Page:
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Becoming the Father He Never Had

“My dad would tell me he was going to come pick me up.  I’d pack all my stuff up and get ready to go and wait to see the dust cloud come up the road and then, you know, he wouldn’t show up. Tore me up.  Cry myself to sleep.  Every little boy wants to be with his daddy.”

Randy was no different.  He needed to know his dad loved him. His parents divorced when Randy was just four, leaving that need painfully unmet.    

“The biggest thing that bothered me about the situation was I felt like maybe he had moved on with a new family. He was ‘Superdad’ to them, but I never got to be around him.  Just to be there and be my father, approve of me, love me.”

His mom remarried two years later, and the family moved to a farm. Randy didn’t feel loved by his stepfather either, and when he did see his own dad, there was another problem.  

“He would take me to his house and then he’d get drunk and pass out. And I’d kind of kneel on the floor beside his bed trying to wake him up, and he wouldn’t wake up.”

By age 14, Randy had found a way to cope with the chaos and rejection by smoking pot.  

“I think the biggest thing that it did for me was kind of give me acceptance at school.  I could talk to girls without being with my head down, my face red.”

Pot led to other drugs and a search for bigger and better highs.  Eventually, he found what he was looking for.

“Once I tried meth I fell in love. You know, it was –I guess it was my first love ever. It just made me feel like I was 10-foot tall, and bullet proof. You know, I could do anything. Talk to anybody. It’s the story of most of my life - was killing all my feelings with drugs.” 

Before he finished high school, Randy did something he swore he would never do.  

“Take the best buzz you’ve ever had and times it by 10,000 and it still don’t compare to the buzz you get when you use a needle. And just from that, you know, I was hooked.”

Randy married at 19 and they had a daughter, Katelynn.  But it was his addiction that ruled his life.

“Deep down, sincere in my heart, I wanted to be with her and raise that baby. I told her okay. I’ll stop.  It’s gonna be and I meant it.  And then I couldn’t.”

He spent the next couple of years dealing drugs, getting into fights, and running from police. Finally Randy was arrested and given 20 years in a plea bargain.  

“I felt like I gave everything I ever loved for a needle, you know. And so instead of dealing with that, I would, like I said, lash out.  I hated everybody and I guess I hated myself most o’ all.”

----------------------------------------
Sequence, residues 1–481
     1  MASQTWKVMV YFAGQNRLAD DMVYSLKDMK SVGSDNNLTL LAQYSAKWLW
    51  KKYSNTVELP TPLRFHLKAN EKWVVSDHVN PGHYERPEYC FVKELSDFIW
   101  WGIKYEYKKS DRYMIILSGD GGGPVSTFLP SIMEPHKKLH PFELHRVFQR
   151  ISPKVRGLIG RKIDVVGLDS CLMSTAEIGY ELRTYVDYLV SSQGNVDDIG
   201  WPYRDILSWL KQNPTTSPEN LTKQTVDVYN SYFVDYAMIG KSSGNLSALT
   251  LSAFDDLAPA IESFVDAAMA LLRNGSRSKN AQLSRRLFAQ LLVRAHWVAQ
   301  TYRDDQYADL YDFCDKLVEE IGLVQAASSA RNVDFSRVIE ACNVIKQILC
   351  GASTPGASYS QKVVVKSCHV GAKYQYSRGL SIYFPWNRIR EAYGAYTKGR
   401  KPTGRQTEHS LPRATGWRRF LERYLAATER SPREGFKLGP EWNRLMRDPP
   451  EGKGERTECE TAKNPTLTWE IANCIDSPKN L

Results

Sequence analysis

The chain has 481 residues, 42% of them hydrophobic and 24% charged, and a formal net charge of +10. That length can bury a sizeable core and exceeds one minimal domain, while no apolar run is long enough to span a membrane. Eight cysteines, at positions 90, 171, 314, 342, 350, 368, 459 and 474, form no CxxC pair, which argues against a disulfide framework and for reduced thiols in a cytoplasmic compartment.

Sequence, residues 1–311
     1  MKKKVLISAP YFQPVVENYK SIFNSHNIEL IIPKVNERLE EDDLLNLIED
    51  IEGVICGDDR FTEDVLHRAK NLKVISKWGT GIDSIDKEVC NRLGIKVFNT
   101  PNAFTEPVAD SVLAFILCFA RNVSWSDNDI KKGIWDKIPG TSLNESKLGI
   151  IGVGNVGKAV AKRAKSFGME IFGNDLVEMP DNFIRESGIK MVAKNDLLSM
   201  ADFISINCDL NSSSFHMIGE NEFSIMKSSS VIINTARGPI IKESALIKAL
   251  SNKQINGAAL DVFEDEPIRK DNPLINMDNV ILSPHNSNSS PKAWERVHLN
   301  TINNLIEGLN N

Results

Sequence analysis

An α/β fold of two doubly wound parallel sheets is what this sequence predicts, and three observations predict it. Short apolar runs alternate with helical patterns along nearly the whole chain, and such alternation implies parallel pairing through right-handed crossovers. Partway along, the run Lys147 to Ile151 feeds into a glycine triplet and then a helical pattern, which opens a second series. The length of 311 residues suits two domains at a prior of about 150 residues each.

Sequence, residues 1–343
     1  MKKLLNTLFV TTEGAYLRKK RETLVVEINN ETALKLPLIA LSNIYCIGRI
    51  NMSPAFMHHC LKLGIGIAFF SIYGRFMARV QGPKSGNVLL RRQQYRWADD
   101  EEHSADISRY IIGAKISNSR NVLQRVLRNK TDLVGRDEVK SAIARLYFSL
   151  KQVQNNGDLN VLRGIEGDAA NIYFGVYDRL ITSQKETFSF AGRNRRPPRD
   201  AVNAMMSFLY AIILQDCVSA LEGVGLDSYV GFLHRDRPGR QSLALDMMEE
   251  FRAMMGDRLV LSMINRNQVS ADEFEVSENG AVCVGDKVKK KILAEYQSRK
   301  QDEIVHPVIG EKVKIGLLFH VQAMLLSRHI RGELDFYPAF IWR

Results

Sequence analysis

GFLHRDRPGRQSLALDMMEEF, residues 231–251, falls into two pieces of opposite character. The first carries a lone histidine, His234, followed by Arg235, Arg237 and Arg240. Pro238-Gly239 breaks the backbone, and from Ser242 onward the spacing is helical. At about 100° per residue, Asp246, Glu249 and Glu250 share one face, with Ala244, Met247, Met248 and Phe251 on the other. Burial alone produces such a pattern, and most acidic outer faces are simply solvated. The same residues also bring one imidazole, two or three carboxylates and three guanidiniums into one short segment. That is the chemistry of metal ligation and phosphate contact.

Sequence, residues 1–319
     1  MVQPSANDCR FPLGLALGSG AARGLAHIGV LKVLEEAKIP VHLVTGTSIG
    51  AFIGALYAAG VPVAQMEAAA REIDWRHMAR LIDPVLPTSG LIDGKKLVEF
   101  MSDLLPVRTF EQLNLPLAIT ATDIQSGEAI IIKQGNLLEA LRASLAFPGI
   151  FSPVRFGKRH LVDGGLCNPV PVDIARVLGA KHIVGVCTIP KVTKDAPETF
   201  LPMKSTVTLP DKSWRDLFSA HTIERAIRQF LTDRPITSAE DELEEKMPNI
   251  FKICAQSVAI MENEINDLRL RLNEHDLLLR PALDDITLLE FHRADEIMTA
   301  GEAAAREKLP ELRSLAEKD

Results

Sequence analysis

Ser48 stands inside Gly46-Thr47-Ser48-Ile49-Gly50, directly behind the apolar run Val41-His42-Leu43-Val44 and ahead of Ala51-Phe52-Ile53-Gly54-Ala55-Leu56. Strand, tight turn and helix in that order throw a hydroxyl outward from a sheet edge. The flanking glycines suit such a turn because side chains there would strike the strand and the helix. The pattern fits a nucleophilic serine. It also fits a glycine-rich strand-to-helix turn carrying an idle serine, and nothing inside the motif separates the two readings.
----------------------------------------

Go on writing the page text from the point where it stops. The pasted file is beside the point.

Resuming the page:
His wife divorced him after two years.  The only contact he had with his growing daughter was by phone.  Those times were precious, but few. Katelynn was eight when one of those calls brought Randy to the end of himself.  

“She was fighting back tears.  I was like, ‘Katelynn, don’t—you don’t have to be strong for me. If you want to cry, you cry.’  She broke down and she cried uncontrollably for about 10 minutes until the phone shut us off.   I was at my bottom. I was hopeless. I was facing a life sentence.  So I went to my cell and I prayed to God.  Don’t let me die in prison. Give me one more chance to be a father to my daughter.  When I sought out God, you know, I meant it sincerely and the way that I lived –I was ashamed of that.  I wanted to be forgiven for all of that.”

As Randy prayed and studied the Bible with other Christian inmates, he grew to have a better understand God’s love for him.

“Kind of overwhelming. A sense of security, you know, like everything’s going to be okay. I was relieved of the hatred and the anger and, you know, I kind of had love in my heart.”

Randy served nearly 12 years before he was granted parole and reunited with Katelynn.  

“I don’t think we let go of each other the whole time, you know. We probably spent the whole day together.”

Randy’s father died in 2016, but not before the two had made peace.

“My dad was always there for me as a friend when I got older - an unsaid, unspoken understanding that we had forgiven each other.” 

Randy is now married to Melinda and they have three boys – two of them are twins.   

What neither his dad nor anyone else could give him, Randy has found in Christ.  

“His love, His mercy. He’s given me everything.  I feel complete, you know. There’s not a hole inside of me that is filled with anything but God’s love.”

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